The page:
3. The TWA Flight 800 crash investigation. It seems highly suspicious that US Navy vessels in the area (conducting exercises) fled the scene. This is a violation of the Law of the Sea: they are required to render aid. Why no follow-up on why they fled, why they failed to help? Was no one held accountable? It vanished from the news quickly. I would love to see some questions raised in the White House press conferences. Not going to happen. I truly believe this is a cover-up: it’s the only explanation for the Navy vessels fleeing the scene rather than helping. But even if there’s no cover-up, some explanation (and accountability) is needed for their refusal to help.

4.  James Clapper and his videotaped outright lie to Congress: Why is his felony ignored? And why is no journalist other than Glenn Greenwald asking about it?

5. In contrast, the Yemeni journalist Abdulelah Haider Shaye was imprisoned (no charges) at US request for the crime of reporting (in Yemen) what happened: a drone strike that killed civilians. Remember that line by Jack Nicholson in A Few Good Men? “You cannot handle the truth.” Apparently the US government cannot handle the truth and cannot stand having the truth emerge. It exposes too many bad actions and (worse) bad actors. From the link:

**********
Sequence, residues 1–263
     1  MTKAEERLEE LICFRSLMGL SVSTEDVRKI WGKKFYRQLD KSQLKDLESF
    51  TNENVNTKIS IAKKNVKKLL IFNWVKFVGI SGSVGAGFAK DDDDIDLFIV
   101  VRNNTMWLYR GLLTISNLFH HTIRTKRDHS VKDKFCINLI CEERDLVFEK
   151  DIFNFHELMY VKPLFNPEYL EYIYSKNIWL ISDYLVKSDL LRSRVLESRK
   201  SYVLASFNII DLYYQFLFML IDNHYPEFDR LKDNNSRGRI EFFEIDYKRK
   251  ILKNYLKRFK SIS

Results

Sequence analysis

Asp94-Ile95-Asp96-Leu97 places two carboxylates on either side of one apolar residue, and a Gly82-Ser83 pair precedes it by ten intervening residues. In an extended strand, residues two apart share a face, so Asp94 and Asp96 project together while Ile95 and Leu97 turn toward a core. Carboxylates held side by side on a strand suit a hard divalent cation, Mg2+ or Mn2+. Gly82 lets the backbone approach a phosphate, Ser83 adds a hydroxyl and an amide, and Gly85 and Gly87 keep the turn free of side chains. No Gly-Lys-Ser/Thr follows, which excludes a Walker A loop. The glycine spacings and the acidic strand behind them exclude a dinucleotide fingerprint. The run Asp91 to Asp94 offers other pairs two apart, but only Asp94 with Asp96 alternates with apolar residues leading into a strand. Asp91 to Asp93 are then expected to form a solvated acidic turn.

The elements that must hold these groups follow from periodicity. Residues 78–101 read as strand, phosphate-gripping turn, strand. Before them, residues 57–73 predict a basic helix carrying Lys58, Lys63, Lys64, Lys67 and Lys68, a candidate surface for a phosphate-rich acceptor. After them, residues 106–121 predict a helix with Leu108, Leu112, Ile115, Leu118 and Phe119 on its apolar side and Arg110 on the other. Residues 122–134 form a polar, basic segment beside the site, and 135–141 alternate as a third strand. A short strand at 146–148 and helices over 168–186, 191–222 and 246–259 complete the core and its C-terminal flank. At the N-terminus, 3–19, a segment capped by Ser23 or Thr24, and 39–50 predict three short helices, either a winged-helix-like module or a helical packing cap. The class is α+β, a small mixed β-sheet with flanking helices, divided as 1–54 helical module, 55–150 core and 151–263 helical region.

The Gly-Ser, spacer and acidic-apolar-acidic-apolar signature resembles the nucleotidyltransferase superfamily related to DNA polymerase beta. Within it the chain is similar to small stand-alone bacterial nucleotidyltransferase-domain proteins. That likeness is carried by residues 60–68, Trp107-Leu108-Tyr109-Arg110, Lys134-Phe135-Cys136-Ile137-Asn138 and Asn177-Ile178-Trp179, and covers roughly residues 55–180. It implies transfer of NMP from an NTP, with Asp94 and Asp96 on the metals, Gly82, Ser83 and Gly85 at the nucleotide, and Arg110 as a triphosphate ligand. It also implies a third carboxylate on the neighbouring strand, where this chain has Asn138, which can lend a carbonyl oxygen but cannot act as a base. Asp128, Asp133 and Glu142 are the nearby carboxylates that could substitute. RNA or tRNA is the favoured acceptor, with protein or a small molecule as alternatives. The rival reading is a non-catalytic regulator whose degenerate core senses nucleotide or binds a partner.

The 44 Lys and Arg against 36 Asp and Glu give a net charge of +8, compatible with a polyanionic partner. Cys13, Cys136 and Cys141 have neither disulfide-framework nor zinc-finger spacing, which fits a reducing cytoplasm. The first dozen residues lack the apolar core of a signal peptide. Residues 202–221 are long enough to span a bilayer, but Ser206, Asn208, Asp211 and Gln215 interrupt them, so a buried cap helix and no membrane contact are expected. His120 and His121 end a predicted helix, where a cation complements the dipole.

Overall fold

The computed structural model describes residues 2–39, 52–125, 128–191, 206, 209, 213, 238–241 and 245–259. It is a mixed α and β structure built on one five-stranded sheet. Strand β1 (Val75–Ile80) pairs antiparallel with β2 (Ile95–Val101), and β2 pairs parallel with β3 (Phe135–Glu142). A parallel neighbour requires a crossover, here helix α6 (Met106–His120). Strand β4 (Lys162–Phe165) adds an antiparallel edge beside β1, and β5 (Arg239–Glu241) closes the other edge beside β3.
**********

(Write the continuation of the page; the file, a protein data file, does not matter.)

Prominent Yemeni journalist Abdulelah Haider Shaye has been released from prison after being held for three years on terrorism-related charges at the request of President Obama. Shaye helped expose the U.S. cruise missile attack on the Yemeni village of al-Majalah that killed 41 people, including 14 women and 21 children in December 2009. Then-Yemeni President Ali Abdullah Saleh announced his intention to pardon Shaye in 2011, but apparently changed his mind after a phone call from Obama. In a statement, the White House now says it is “concerned and disappointed” by Shaye’s release. “We should let that statement set in: The White House is saying that they are disappointed and concerned that a Yemeni journalist has been released from a Yemeni prison,” says Jeremy Scahill, national security correspondent for The Nation, who covers Shaye’s case in “Dirty Wars,” his new book and film by the same name. “This is a man who was put in prison because he had the audacity to expose a U.S. cruise missile attack that killed three dozen women and children.”